Thursday, July 31, 2008

A Simple Plan.

I feel guilty about alot of things. I feel guilty when I sleep in. I feel guilty about how much petrol my car takes. I feel guilty when I forget, guilty when I lie, guilty when I cheat and guilty when I get away with something. I feel guilty when I find something mean really, really funny to the point where water comes up my nose the wrong way while I laugh. I feel really guilty when I avoid the Big Issue Guy in the street. Guilt, it's surely a bugger. But guilt over not eating my greens is much like my Jeremy Jordan fixation, a thing rooted very firmly and distantly in my dimming past.

If you're like most people today, you do give some thought to what not to eat. You might avoid junk, fast food, take away, too much sugar, too much fat, too much processed stuff. You might be so hell bent on avoiding the wrong things that you might have overlooked something quite simple, what should you be eating. Well, different yolks for different folks, right? Almost. I have done a good deal of reading on enzymes lately and tried to relate the amazing things i've learned about to my body now, how it feels and how I can make it stronger. I am very technical when it comes to most things, and I usually miss the obvious, simple and slow things, things that by virtue of their incredibly humble nature are actually, utterly profound. 

Candice once said to me, in regard to a casserole dish she bought, that it's amazing how easy creativity becomes when you have the right tools. Meet the Silver Mixer Bowl. My $7 investment was made as a result of an epiphany. Most epiphanies usually belong beneath the banner of the religious or the moral, nothing so grand here, my epiphany was one regarding salad.
Salad is something we all lie about. We order salads when out in public. We collect recipes for salads. When communal salad is put in the middle of a crowded table, we all take a little more than our tokengreenthingonmyplate share and try to get as much of the good stuff down, partly because we know it will be a good long while before we encounter it again. Salad is the great urban myth. When we do eat it, we're not eating something I think really deserves the name. Potato salad is not salad. Pasta salad is not salad. Fruit salad is not salad. The insipid little watery lettuce and dull tomato jobs you sometimes down in a puritanical moment of self righteousness aren't really salad either.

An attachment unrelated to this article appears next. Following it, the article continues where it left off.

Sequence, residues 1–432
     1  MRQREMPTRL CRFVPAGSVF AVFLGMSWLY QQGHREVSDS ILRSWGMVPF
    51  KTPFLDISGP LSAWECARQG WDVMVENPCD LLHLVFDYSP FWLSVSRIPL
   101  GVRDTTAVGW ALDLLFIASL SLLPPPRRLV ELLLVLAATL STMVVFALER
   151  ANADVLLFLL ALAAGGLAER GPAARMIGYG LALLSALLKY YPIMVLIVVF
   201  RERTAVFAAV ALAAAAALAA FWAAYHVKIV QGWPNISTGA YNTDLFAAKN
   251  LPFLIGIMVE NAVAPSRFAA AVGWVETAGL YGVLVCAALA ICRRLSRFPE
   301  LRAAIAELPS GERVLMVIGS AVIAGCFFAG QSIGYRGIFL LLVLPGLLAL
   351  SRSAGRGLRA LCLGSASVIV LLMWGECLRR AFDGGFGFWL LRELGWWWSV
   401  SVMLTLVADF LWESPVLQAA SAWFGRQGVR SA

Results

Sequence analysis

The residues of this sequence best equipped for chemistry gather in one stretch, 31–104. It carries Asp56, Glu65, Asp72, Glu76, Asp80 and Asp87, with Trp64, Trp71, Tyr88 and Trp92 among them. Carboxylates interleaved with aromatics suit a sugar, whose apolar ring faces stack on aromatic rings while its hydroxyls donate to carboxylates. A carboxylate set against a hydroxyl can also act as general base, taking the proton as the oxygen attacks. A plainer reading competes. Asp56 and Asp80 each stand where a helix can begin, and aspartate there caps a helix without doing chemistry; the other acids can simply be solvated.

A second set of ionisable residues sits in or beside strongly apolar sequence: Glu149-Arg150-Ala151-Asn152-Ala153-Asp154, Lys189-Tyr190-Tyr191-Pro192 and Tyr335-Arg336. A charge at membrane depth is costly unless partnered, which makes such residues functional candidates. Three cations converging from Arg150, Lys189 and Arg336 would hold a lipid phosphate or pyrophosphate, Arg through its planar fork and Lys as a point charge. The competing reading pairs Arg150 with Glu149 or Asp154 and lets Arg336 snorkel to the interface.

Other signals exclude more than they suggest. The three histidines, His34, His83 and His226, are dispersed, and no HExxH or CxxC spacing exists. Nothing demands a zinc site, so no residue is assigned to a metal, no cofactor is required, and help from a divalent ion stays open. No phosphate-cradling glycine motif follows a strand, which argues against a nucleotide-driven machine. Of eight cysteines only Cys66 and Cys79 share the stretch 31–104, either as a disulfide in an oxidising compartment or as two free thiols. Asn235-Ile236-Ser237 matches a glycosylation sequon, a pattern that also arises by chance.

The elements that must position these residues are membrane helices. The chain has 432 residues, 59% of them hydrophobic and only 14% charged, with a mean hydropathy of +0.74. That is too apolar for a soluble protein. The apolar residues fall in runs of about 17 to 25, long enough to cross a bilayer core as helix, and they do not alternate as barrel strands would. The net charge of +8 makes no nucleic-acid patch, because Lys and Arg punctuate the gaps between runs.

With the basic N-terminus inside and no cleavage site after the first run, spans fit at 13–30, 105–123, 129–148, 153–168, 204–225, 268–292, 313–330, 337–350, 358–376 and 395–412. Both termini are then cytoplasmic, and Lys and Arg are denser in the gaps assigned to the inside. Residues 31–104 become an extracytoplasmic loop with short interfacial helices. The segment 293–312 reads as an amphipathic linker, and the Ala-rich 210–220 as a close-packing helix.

Dark leafy greens are not just loaded with phytonutrients, they're flush with enzymes. You know enzymes are a good thing, but how much do you know about them. The position of modern science on the question of enzymes is not dissimilar to one of those people who pretends to recognize someone at a party who knows their name, and then proceeds to talk to them for 20 minutes, afterwards insisting to others that they've always respected and admired that chap. Enzymes are like the life forces inherent in the foods we eat. Not only do raw foods contain a higher level of enzymes, but they conserve the overworked digestive enzymes which originate in your pancreas. Don't worry, i'm not about to tell you to burn your oven and stop cooking, but I am going to let you in on a little experiment of mine.
Knowing that I didn't consistently eat as much good salad as I should, and always complaining about how dull and lethargic I felt, I bought the spunky Silver Mixing Bowl, and decided that at least once a day, every day, for 6 months and no less, I would pile it high with lots of organic green leafy things, combined with lots of fresh herbs, which generally have a much higher antioxidant content than normal greens, and devour it regardless of what I felt like. Only a month on, I feel so much more alert and awake and I have discovered how to make salad taste so good that I look forward to it every single day. I wanted to write this piece not so much to just give you an extra healthy recipe, but to show you how small, simple decisions about what you eat every day can not only induce a metamorphoses of vitality and energy, but also one of taste.